I have always been comfortable on the phone. It's how I grew up in a pre-email/text world. Certainly I use texting and emailing to my advantage when I don't need to have a conversation, but the phone has its benefits. Real back and forth can actually take much less time by phone. Of course, improperly managed it can also be a time drain. Some people drone on and on when on a call, with no concern for others productivity.

You can take control of phone conversations so you can get the benefits of calls without the risk of a time suck. Here is how I do it, along with more insights from my Inc. colleagues.

1. Plan in advance.

When times are busy and I have can't postpone calls I make them more efficient by having a specific agenda written out before the call. I make sure the bullet points are in a logical order and organized. Then when I get on the phone I share the agenda at the beginning so the call is managed. Most importantly, I stick to the agenda.

2. Ask questions beforehand.

I get a lot of "quick phone call" requests, and unfortunately many of them turn out to be requests for things I can't do, or don't do well. So, I work really hard to make sure the call won't waste my time or the other person's time. I always ask for additional information or a brief summary of the call's intentions, and if it doesn't seem clear I keep asking. Sounds harsh, but it's the only way I know if a call makes sense for both of us... and so I can seem at least somewhat intelligent during the call. Jeff Haden--Owner's Manual

Want to read more from Jeff? Click here.

3. Have a clear objective.

A very smart entrepreneur suggested to me recently that every meeting and every phone call should have a specific objective, and once that objective is reached the phone call should end. That's a terrific approach, both for keeping calls from going on for too long, and also for keeping the conversation on point. If you've been talking for a while, stop and ask yourself if what you're saying is bringing the call toward its ultimate goal. If not, then stop, and refocus the conversation. If you're not sure, then interrupt yourself to ask the people you're speaking with if what you're saying is helping them meet their objectives. Minda Zetlin--The Laid Back Leader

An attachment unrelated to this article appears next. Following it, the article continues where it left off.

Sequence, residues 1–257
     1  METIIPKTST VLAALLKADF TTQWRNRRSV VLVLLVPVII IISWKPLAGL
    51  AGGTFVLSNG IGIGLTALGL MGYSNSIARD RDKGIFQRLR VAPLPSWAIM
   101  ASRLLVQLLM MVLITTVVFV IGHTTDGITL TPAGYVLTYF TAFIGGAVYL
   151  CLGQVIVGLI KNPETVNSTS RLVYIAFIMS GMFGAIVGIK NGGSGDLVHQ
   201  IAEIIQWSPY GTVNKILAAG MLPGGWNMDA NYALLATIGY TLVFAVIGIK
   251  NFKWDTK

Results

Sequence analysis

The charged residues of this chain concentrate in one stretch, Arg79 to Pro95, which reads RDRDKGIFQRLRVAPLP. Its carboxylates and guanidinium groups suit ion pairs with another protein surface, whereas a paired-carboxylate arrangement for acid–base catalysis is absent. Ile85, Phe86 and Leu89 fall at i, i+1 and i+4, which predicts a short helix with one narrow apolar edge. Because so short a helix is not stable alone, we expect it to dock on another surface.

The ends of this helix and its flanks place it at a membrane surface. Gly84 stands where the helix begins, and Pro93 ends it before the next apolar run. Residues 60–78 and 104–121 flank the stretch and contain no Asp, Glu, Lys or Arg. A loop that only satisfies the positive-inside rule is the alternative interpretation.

Want to read more from Minda? Click here.

4. Skip the pleasantries.

As I have progressed in my career, I have learned that if I am going to get my work done, I have to be extremely efficient in my phone calls and Skype conversations. The first question I always ask is this: "Is this call necessary-- does it advance my goals?" If not, then I don't do it. Then, when I'm on the call, I try to direct the conversation in a way that gets past the pleasantries and to the heart of the matter as quickly as possible. As the old saying goes, time is money, and no one I know can afford to waste time on the phone. Peter Economy--The Leadership Guy

Want to read more from Peter? Click here.

5. Pre-screen new introductions.

Have you ever had someone introduce you to another party through email with no prior permission or warning? I've accepted too many warm introductions only to discover that they wanted to be included in one of my articles or appear as a guest on Million Dollar Mindset Radio. Now, rather than consenting to a phone call just to be nice and wasting time for both of us, I send an email kindly asking them to tell me more about themselves. Based on their response I either ask them to send me more information on their "story" or schedule a call with a specified end time. Sometimes, I respectfully decline. Being bold and specific will take the pain out of "getting to know you" phone calls. Marla Tabaka--The Successful Soloist

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6. Limit the call.

Phone calls are one of the most inefficient ways to communicate in today's business environment. Regrettably they are commonly used, especially as workforces become more dispersed and remote. By limiting the call, both in the amount of time scheduled and the number of participants, you will see an increase in the overall effectiveness of what you accomplish. Thirty-minute phone calls with no more than three participants are ideal. I hold a rolling call that moves from Sales to Operations to Finance for one of my companies each week. Each group rolls on and off of the call in thirty minute chunks covering topics that overlap while two groups are on at the same time. We work against a predetermined agenda and move deeper conversations to other more focused calls. Eric Holtzclaw--Lean Forward

Want to read more from Eric? Click here.